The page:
Tag Archives: Loss

Review: The Push

The Push

The Push
By Ashley Audrain
Pamela Dorman Books, 9781984881663, January 2021, 320pp.

The Short of It:

I had heard from many that this story was wild and it is. It’s like watching an accident happen in slow motion and you cannot look away.

The Rest of It:

Blythe and Fox can’t wait for their beautiful baby girl to arrive. After a difficult labor, baby Violet is placed on Blythe’s chest and it’s not quite the feeling she’s envisioned all her life. As a young girl whose own mother left her at a young age, Blythe silently vows to be the type of mother that she herself never had. But the constant feedings, the lack of sleep and honestly, the lack of a mother-daughter bond concerns Blythe. It concerns Fox too but he pins it on exhaustion. How could a mother not love her own child?

The thing is, Violet never seems to NEED Blythe. She is always reaching for daddy and doesn’t seem to notice the things he can’t provide like the around-the-clock nursing that only Blythe can manage. Years pass and this feeling that Blythe has can’t be shaken. There is something wrong with this child.

Enter Sam. If you have any doubts over your ability to be a mother, why not test the theory out by having another child? That’s exactly what Blythe does. She never shares her full intentions with Fox but secretly she wants to prove that she is a good mother and that a different child will see that. Sam is the baby she’s always wanted. He nuzzles into her, and doesn’t turn away like Violet did. He smiles when he sees her and looks to her for comfort. When she sees her son’s goofy grin, she smiles from ear to ear. While all of this is going on, Violet and her father also notice and Blythe is left wondering if there is something wrong with her to feel such dread whenever her daughter enters the room. How can Blythe not let this affect them? Then, the unthinkable happens.

What a book! This is a brutally honest look at motherhood. These characters are not depicted in a good light and some might think that Blythe’s aversion to her own daughter is way over-the-top but anyone who’s had a few rough years with a baby knows that it is right on the money. My daughter did not sleep through the night until age four and required two feedings an hour for years. So long that the doctor had her checked for a heart condition thinking she was expending too much energy and therefore requiring more food. This book triggered me in so many ways and yet I kept flipping those pages.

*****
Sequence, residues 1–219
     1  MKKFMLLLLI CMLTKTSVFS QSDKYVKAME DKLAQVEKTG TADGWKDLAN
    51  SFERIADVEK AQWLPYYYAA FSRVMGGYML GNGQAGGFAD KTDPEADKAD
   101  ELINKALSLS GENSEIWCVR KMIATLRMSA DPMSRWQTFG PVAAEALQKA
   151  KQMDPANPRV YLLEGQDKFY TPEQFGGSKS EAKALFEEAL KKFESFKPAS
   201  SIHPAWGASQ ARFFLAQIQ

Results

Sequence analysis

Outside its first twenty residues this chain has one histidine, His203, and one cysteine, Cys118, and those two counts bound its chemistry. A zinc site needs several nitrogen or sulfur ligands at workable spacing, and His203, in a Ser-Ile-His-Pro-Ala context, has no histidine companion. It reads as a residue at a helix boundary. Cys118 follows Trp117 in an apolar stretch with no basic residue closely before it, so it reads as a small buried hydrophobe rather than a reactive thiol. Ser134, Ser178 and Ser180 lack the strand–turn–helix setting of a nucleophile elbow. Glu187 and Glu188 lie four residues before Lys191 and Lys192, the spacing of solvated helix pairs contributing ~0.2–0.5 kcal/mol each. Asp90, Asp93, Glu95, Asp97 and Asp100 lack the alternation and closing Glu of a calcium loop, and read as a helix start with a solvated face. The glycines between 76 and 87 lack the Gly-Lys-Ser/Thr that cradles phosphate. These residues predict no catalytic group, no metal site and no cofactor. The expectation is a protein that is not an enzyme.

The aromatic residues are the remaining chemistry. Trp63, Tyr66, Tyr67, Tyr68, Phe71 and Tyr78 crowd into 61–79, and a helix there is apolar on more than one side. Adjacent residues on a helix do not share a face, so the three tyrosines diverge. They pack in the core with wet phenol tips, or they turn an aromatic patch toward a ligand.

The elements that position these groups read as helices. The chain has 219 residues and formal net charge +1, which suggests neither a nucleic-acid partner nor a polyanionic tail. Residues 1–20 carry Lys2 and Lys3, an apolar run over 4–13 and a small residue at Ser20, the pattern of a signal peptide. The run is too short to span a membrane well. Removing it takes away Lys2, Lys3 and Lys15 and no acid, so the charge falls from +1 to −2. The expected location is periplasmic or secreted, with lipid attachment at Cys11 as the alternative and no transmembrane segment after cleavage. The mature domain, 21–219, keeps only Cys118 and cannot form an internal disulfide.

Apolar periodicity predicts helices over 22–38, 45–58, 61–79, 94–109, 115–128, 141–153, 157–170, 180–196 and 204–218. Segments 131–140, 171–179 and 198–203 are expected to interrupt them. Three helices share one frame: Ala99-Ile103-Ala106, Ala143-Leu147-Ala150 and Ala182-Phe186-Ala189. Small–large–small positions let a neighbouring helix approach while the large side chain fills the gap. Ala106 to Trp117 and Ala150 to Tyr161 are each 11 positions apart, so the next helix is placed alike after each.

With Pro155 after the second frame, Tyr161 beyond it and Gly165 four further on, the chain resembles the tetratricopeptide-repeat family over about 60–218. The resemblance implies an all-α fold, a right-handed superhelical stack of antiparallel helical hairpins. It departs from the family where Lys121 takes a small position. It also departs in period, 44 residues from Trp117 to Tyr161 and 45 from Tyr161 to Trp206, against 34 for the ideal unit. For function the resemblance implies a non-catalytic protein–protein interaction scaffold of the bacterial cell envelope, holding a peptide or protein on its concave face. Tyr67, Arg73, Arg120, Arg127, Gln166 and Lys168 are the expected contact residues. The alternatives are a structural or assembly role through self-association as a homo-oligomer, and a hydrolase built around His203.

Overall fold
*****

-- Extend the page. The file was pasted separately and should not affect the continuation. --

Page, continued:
Many have described The Push as being compulsively readable. I agree 100%. It’s gritty and truthful and not at all pretty but it was impossible to put down. If you enjoyed Baby Teeth by Zoje Stage then you will want to read this one.

Also, Ashley Audrain has another book coming out in 2022, The Whispers.

Source: Borrowed
Disclosure: This post contains Indiebound affiliate links.

Review: The Beauty of What Remains

The Beauty of What Remains

The Beauty of What Remains
By Steve Leder
Avery, 9780593187555, January 2021, 240pp.

The Short of It:

I did not expect a book about death and grief to be one of my favorite reads of the year.

The Rest of It:

As the senior rabbi of one of the largest synagogues in the world, Steve Leder has learned over and over again the many ways death teaches us how to live and love more deeply by showing us not only what is gone but also the beauty of what remains. ~ Indiebound

The Beauty of What Remains is my book club’s pick for March. When I picked it up, I really had to push myself to read a book that is essentially about death and the grief that follows it. Death is depressing to me. It’s probably depressing to most people but this book is incredibly uplifting and hopeful. Leder, having sat by thousands of deathbeds as a rabbi knows a thing or two about death but it never really dawned on him what true grieving was until his own father passed away from Alzheimer’s a few years ago.

Death is a great teacher if it impels us to serve the living. ~ Steve Leder

Through anecdotes and real life experiences from those who have sought his counsel, Leder provides a revelatory look at how death can look to loved ones who are forced to face it. It doesn’t have to be the sad, depressing life passage that we’ve come to expect. Leder provides a different viewpoint, one that focuses on the good and his easy, affable way is like the hug you never knew you needed.

“We are helpless in death, but we are not helpless in life.” ~ Steve Leder

I’ve heard countless times how people need comfort reads right now. This pandemic is finally showing signs of moving on and yet, we are still a little raw and on edge. Comfort reads, food, the warm embrace of a loved one (once vaccinated) are all things we need right now. If you don’t think you can get anything out of this book because you haven’t lost anyone recently, think again. Leder’s writing can help you through any loss and we have all experienced loss lately. He has this amazing way of putting things. I would love to just sit in a room with him and listen to him talk. Here’s a clip from the Today show that effectively illustrates what I mean.

The Beauty of What Remains is a beautiful book. It’s funny and hopeful and a valuable resource for anyone who has ever wondered what to say to a friend after they’ve lost a parent or a child. It’s filled with heartwarming examples of how loved ones can be honored before and after death and includes very practical information for anyone who has to plan a funeral or a celebration of life. This stuff is gold. I never thought a book like this would end up on my list of faves for the year but it’s earned a spot on it. I highly recommend it.

Source: Borrowed
Disclosure: This post contains Indiebound affiliate links.